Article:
We are looking to grow in areas where we can help hospitals. When working in small or public sector hospitals that need investment but lack the budget, we assist them by connecting them with institutions that organize donations. We work with non-profit organizations, and we can help in this area. Working with small private hospitals all over Mexico has worked well for us. We offer good financing options for the latest technologies. 

EF: How do you attract top talent to your company and retain it in a competitive market? 

PB: We offer a competitive package to people who start working in the company, although that is standard in our industry. Once in the company, we provide training programs and are transparent, informing what is happening. In Dräger, our staff can have a career in the organization; there are opportunities for growth in any of our two Mexican companies. Growth is a key driver that makes Dräger attractive, our people can fill different positions in services, marketing, or academy if they like training, or they can work abroad. We offer many opportunities for personal and professional growth; some employees moved last year to Canada, to Germany, and We have some collaborators that have taken roles in the Latin American region, So, We are exporting talent! 

EF: Our feature is called Road map to the Future; if you had to create a road map for the Mexican healthcare industry for the next five years, what would be your three pillars?  

PB: My three pillars would be the following: 

  1. People: already a pillar for us today. Our personnel grows 15-20% yearly; we know we will need people in various areas, so we plan for what kind and how many people each year, making our HR very busy looking for new people and organizing training.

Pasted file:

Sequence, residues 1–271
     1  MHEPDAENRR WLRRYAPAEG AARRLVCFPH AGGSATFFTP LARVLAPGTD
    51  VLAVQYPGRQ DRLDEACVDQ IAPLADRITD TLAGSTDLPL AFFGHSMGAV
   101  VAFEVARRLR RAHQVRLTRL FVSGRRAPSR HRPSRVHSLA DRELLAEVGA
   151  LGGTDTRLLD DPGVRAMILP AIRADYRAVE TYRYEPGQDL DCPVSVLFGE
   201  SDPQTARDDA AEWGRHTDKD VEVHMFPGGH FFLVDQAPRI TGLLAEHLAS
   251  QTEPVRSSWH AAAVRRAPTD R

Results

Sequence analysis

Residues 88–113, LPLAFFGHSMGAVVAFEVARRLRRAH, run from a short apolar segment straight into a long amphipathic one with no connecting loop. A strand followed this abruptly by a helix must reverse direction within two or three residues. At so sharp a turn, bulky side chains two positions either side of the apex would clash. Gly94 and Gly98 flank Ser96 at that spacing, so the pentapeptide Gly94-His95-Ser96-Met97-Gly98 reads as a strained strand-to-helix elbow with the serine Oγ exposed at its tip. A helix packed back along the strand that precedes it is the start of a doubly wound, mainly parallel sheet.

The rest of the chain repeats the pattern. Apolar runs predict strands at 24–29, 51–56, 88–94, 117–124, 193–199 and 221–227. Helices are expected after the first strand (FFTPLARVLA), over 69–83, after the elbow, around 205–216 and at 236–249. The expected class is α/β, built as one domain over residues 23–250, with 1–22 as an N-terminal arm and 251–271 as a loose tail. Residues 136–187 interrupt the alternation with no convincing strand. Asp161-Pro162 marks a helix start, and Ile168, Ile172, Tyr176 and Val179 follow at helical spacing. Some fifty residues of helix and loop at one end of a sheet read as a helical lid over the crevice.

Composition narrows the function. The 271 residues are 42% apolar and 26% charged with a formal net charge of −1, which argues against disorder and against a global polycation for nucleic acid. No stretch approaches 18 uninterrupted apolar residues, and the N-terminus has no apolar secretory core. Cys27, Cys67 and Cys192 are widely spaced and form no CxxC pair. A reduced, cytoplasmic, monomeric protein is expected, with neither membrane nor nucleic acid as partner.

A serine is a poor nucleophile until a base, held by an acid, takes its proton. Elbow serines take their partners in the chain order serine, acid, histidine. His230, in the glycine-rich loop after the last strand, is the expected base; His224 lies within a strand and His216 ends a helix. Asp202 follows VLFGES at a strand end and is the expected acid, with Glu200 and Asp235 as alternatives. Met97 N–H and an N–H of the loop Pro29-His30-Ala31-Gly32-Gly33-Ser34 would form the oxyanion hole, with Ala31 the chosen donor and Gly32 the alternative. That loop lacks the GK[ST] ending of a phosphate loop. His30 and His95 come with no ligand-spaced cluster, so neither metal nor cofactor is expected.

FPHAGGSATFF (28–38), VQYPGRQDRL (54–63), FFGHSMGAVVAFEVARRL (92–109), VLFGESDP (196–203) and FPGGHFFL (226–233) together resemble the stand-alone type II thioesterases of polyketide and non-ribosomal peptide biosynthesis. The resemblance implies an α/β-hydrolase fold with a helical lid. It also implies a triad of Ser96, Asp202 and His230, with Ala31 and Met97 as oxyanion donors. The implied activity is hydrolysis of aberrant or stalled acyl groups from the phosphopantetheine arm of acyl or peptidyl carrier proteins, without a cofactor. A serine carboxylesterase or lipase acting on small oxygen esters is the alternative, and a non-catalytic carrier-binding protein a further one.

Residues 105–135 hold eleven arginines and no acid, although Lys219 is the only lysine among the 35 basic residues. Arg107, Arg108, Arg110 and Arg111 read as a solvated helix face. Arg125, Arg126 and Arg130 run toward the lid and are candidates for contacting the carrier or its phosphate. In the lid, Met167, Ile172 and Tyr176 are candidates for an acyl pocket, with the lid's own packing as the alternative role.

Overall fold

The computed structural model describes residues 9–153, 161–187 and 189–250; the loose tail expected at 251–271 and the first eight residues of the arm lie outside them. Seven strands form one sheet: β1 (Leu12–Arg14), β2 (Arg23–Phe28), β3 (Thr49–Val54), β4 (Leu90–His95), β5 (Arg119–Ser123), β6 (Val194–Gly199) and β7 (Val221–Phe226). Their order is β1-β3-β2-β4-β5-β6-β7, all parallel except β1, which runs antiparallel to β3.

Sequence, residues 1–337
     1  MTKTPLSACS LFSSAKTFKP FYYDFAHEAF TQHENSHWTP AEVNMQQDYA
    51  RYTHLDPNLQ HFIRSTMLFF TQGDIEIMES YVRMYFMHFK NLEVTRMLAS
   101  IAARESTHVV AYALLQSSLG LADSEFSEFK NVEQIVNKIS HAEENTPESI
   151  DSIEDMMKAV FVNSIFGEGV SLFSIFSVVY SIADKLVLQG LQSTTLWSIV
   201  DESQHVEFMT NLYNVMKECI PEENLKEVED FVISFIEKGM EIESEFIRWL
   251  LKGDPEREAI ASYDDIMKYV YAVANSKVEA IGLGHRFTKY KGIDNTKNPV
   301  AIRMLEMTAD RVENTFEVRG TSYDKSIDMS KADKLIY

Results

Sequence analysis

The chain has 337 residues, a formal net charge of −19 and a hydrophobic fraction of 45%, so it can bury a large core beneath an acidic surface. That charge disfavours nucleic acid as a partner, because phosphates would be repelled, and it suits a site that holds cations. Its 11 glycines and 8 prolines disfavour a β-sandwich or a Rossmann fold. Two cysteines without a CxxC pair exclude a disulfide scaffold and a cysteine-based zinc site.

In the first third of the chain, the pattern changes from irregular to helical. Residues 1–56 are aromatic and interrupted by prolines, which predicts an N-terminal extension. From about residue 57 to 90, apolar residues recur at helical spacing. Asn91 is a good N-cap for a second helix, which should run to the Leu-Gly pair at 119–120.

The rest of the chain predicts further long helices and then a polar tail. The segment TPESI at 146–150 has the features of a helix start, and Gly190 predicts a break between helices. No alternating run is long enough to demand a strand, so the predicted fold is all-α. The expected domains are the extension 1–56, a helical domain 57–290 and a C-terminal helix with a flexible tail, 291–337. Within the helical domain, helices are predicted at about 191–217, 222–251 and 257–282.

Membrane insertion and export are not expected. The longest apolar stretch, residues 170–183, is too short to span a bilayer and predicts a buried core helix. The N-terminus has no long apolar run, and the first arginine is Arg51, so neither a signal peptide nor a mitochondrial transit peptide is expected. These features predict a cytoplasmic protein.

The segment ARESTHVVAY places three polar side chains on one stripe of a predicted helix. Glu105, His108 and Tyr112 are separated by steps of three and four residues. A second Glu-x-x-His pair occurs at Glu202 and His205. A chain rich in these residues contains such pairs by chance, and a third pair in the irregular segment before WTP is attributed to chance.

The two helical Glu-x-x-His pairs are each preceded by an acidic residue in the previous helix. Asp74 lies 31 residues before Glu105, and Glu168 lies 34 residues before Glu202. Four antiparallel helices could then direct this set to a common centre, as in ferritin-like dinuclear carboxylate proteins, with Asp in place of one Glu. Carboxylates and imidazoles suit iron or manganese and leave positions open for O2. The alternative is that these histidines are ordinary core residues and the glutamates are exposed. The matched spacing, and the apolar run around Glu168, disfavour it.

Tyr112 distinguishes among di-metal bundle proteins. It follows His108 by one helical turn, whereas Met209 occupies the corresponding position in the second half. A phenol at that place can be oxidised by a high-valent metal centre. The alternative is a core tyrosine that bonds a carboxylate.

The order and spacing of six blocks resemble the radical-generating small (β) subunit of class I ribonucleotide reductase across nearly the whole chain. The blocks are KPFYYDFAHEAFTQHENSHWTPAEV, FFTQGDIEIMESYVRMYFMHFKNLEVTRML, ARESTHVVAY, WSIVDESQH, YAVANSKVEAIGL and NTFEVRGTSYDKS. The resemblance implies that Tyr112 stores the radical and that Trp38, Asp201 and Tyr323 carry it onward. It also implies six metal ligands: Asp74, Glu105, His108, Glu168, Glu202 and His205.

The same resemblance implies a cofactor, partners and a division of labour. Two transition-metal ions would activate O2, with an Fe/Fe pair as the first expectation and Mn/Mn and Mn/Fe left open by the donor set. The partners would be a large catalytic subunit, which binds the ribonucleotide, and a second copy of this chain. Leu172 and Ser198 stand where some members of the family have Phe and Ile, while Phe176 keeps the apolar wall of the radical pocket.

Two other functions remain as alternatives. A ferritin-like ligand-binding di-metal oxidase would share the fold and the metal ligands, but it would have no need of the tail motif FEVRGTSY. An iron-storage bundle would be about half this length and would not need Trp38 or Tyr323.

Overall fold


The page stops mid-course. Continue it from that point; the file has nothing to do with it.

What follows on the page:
2. Initiatives and projects: we have around twenty segmented initiatives dedicated to a portion of the market. Two people from different company areas lead the project and interact with the other departments to push the initiative and get results. The management team, myself included, meets monthly to hear what they have been doing, which is important for me as I receive information and knowledge about the people that work in the company.  
  3. A customer-centric approach: we conduct surveys to determine if the customer is satisfied with our products and services. The surveys show our growth year by year and give us an idea of how Dräger and its competitors are perceived, giving us a chance to change things, not lose our clients. Recently we have started running a survey every six months, and after four years, we can affirm that the customers that buy products from other competitors and Dräger put us first in service and training. Our services have improved a lot over the last four years, and today we have the customers' trust; they know that if there are problems with the product, we will solve the issue in less than a week. Customers want to rely on the company's offerings, and we listen to our customers and give them what they need. 
March 2023